The National Academy of Sciences,
in a report issued in 1999, recognized that arsenic in tap water
poses a significant public health risk in the United States,
and that EPA's outdated tap water standard for arsenic, which
was set in 1942, "does not achieve EPA's goal for public
The Academy concluded that
drinking water containing arsenic at the 50 parts per billion
(ppb) level allowed by the outdated current standard "could
easily" pose a
total cancer risk of 1 in 100
about 100 times higher than EPA would ever allow for tap water
under other rules.
The Academy discussed a litany
of other adverse non-cancer health effects from arsenic in tap
water, including cardiovascular effects, nervous system problems,
skin lesions, possible reproductive harms and other effects.
Several peer-reviewed, published studies completed in the year
since the Academy's report have reinforced the conclusion that
a much lower standard for arsenic in tap water is needed to protect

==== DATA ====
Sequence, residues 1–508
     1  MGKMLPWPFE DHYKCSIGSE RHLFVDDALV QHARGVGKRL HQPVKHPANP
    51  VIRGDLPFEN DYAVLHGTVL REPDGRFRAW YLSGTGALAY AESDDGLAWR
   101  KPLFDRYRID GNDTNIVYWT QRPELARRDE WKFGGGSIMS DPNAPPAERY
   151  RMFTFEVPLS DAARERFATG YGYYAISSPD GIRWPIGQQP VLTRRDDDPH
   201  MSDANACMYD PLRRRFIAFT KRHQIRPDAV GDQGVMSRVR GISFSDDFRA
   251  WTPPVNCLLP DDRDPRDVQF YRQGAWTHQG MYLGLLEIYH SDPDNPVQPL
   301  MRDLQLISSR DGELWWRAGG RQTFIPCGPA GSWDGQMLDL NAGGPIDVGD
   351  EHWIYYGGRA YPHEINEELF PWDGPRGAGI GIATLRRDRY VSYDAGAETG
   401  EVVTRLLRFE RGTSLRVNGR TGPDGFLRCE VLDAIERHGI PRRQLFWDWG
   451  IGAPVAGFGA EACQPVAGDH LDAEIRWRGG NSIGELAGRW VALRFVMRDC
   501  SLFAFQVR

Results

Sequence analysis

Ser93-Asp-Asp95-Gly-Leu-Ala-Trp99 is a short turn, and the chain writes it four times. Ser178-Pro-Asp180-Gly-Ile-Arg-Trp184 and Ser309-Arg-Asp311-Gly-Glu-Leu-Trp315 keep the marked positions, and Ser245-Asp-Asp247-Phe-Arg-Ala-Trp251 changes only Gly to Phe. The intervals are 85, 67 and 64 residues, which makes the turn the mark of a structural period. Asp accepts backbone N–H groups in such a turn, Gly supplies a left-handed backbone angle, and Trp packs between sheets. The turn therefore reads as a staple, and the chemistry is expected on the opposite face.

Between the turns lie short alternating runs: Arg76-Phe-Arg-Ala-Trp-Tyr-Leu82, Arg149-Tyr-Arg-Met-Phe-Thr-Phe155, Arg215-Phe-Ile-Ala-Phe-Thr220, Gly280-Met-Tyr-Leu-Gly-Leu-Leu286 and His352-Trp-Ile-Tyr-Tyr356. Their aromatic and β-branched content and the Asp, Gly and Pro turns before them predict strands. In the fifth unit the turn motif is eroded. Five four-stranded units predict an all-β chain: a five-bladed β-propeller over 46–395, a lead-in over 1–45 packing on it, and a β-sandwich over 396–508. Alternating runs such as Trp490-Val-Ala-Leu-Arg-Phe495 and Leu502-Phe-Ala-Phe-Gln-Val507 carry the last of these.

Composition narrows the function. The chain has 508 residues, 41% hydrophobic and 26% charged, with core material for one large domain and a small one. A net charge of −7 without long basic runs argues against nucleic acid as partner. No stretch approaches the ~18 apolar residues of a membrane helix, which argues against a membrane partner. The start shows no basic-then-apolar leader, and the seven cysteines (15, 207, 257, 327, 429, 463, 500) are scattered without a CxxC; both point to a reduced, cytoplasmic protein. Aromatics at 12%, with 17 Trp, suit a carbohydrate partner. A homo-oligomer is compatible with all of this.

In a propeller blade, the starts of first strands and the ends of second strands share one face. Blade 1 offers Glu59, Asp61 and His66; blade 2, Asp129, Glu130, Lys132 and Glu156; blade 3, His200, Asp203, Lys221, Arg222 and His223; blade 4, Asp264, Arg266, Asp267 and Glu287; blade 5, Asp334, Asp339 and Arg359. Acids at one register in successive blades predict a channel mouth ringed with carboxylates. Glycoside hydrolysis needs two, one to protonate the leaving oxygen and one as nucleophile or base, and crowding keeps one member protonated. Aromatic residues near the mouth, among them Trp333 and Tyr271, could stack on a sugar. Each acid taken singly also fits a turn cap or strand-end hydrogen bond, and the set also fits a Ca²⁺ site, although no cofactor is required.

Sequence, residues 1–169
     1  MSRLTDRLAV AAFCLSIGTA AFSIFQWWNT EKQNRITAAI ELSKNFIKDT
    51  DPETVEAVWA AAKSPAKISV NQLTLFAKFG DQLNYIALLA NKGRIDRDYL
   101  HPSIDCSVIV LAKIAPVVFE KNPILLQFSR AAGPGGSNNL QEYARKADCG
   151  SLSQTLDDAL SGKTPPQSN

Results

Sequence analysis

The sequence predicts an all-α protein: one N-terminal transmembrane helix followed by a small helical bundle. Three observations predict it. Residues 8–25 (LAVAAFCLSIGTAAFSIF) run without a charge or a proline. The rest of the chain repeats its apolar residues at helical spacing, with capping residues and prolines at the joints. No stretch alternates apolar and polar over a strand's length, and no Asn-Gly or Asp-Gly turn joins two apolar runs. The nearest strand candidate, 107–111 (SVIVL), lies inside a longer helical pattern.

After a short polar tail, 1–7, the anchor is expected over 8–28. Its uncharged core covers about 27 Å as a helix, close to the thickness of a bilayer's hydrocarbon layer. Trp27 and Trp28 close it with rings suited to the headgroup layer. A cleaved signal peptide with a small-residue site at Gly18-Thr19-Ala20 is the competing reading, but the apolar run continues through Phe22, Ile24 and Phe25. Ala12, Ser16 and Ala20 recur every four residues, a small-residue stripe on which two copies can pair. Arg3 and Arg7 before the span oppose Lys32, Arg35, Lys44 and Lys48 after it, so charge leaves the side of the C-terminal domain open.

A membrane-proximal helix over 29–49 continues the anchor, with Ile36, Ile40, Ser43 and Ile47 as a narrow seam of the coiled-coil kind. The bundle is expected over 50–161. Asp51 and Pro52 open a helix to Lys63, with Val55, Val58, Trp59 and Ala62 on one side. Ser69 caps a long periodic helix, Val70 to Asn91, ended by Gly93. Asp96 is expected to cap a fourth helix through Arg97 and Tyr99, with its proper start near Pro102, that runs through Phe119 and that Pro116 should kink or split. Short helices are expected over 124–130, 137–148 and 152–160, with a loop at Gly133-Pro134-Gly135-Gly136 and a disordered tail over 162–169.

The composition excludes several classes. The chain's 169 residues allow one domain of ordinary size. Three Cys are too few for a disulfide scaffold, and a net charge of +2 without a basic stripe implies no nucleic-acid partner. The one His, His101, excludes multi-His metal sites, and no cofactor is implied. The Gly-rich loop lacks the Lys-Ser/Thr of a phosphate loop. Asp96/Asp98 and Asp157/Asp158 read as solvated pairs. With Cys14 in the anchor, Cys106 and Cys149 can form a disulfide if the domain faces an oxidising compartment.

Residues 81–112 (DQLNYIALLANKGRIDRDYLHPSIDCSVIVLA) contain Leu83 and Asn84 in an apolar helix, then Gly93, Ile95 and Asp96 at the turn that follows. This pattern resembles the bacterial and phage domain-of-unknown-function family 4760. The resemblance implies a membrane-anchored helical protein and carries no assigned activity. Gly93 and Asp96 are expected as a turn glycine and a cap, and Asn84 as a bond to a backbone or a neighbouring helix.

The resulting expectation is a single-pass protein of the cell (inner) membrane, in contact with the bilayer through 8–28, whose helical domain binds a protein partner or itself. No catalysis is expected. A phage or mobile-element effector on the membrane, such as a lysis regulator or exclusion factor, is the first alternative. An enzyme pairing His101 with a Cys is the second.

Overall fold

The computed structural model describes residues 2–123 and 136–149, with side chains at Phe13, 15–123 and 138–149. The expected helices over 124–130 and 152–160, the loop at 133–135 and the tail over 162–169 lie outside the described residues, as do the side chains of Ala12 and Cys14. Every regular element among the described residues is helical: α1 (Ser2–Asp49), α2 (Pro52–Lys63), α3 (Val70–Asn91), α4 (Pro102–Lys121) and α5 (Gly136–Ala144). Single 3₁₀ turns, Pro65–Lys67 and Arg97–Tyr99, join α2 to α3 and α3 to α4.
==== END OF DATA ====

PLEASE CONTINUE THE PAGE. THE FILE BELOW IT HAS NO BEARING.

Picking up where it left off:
Three studies published in
the July 2000 issue of the National Institutes of Health's Journal,
Environmental Health Perspectives, found that arsenic in drinking
water is linked to skin problems and other adverse health effects
even in well-nourished populations. Additionally, the studies
link the presence of arsenic in tap water to certain reproductive
problems in exposed women, and increased cancer risks.
A wide variety of adverse health
effects, including skin and internal cancers and cardiovascular
and neurological effects, have been attributed to chronic arsenic
exposure, primarily from drinking water.
The subcommittee concludes
that there is sufficient evidence from human epidemiological
studies.. that chronic ingestion of arsenic causes bladder and
lung cancer, as well as skin cancer.